This exhibition  showcases eleven life-size images of dwarf minke whales from the Great Barrier Reef, sperm whales from the Eastern Caribbean, and humpback whales from the South Pacific.




Minke Whale Composite One at Tamada Museum



Studio: Cosmos



Humpback Whale Mother and Calf III



Minke Whale Portrait



Humpback Whale Mother and Calf II




Beautiful Whale – life size photography by Bryant Austin

11 April 2014 – 1 February 2015
Australian National Maritime Museum
Darling Harbour, Sydney

From the gallery

This exhibition  showcases eleven life-size images of dwarf minke whales from the Great Barrier Reef, sperm whales from the Eastern Caribbean, and humpback whales from the South Pacific.

Californian photographer Bryant Austin has been photographing whales for twenty years. His body of work represents the largest and most detailed photography of whales in the world, and he is the only one making photographs of this size.

Austin spends weeks and sometimes months with groups of whales. Using only a snorkel he waits alone, suspended in the water patiently waiting for a whale to pass within two metres of his lens. The result is extraordinarily intimate and detailed portraits that illuminate the majesty and spectacle of nature’s underwater giants.

Through his work Austin creates one of kind images and promotes a message of conservation.

“For the first time in recorded history, many cetaceans (whales, dolphins and porpoises) are expected to vanish as a direct result of human activity”¦ I am making an effort through my work to reveal these magnificent and vulnerable beings to others so we can learn from them,” he said.

Beautiful Whale ““ life size photography by Bryant Austin is the largest collection of Austin’s work to date. The exhibition is supported by the USA Bicentennial Gift.

The exhibition is part of the museum’s Whale Season which also features the international exhibition Amazing Whales ““ Evolution and Survival from the Museum National D’Histoire Naturelle in Paris. It immerses visitors in the world of whales and highlights the importance of conservation to their survival.

The Whale Season will also feature a display of quirky whale artefacts from the museum’s collection, a full range of whale inspired public programs and school holiday activities and an aquatic inspired roof projection during the Vivid Sydney festival in May.


A Mother Listens, Humpback Whale, 2006

About Bryant Austin

Bryant Austin is an experimental multi-media artist whose life-long passion has been exploring the depths of possibility in connecting with the greatest minds in the waters. The impetus behind his work is the thought of losing over five million years of evolving culture and communication in the largest brain ever to exist on Earth; to not only lose it, but to never understand what we’ve lost.

His journey and challenge to recreate the transcendent sensation one experiences floating an arm’s length away from the eye of an inquisitive whale, has compelled him to create breath-taking photo mosaics at “whale scale”- both in terms of size and in the level of detail witnessed in ‘real life’.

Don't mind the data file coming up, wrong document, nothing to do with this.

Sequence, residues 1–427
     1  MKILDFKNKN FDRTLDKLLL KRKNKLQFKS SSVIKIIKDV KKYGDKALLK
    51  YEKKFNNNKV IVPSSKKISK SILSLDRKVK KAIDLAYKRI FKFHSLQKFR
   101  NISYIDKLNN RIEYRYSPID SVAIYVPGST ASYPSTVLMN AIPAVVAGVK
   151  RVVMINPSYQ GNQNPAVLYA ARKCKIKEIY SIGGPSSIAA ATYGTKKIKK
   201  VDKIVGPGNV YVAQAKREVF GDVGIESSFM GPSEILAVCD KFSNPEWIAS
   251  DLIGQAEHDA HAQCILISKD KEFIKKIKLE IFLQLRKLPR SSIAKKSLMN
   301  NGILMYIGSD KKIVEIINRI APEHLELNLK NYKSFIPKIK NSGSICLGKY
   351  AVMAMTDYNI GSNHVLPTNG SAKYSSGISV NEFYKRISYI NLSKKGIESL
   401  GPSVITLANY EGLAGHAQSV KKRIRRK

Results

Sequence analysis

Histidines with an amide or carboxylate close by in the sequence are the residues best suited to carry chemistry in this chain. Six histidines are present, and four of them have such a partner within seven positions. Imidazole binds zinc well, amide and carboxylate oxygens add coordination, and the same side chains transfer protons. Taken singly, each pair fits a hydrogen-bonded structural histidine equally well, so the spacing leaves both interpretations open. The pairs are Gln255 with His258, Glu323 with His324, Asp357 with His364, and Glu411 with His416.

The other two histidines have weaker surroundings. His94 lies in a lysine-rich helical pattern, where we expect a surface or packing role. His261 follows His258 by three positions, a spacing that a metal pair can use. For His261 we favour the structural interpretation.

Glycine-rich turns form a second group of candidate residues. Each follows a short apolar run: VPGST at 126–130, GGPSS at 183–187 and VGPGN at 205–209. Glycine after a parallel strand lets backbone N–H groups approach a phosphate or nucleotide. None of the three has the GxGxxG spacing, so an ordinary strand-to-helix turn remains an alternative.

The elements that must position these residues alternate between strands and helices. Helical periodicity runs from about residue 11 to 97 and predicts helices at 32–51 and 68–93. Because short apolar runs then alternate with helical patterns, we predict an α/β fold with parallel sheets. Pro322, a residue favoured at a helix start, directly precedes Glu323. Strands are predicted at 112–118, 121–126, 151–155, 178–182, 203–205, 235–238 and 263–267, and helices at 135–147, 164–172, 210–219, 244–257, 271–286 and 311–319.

This inspiration was brought to light in 2004 when, floating motionless, he felt a gentle tap on his shoulder, one that felt too solid to originate from a dive companion. As he slowly turned to investigate the tap’s source, he became eye-to-eye with a 45 ton female humpback whale. She had reached out with her two ton, 15 foot long pectoral fin to gently touch him, letting him know that she was behind him.

Her eye was fully illuminated from the late afternoon sun scintillating over his shoulder. Looking into her eye, he saw for the first time the calm mindful expression of a whale peering into his own eyes. In that instant he saw clearly what had been missing in the four decade effort to visually communicate the reality of whales – moments like these documented on their terms, at their scale.

The epiphany was powerful and clear, leading him to sell everything he owned, including his home, and leaving a job of eight years at a sea otter research facility. By 2009, Austin composed the largest and most detailed photographs of whales that have ever existed in the world. His work has been met with international acclaim, and has been received enthusiastically during exhibits worldwide, including shows in Norway and Japan ““ countries that continue to hunt whales. Austin anticipated that these would be his most intractable critics. Instead, by allowing viewers to exercise freedom to explore their own responses, he has come away from these experiences with a renewed sense of optimism, knowing that with sufficient time and intention, it is possible to promote changes in attitudes, behaviors, and beliefs.

With these discoveries, Austin is expanding his creative vision and forging new paths to integrate cutting-edge science and technology with an artist’s creative vision and perspective. He is now pursuing his next commission to create a ninety foot wide photograph of a blue whale in extraordinary detail. The same technology, methods and techniques to create this photograph will be applied to creating a life-size mosaic of a living whale entangled in fishing gear to illuminate the consequences for our unsustainable love for sea food that collectively kills over 300,000 whales dolphins and porpoises each year.

Bryant’s website: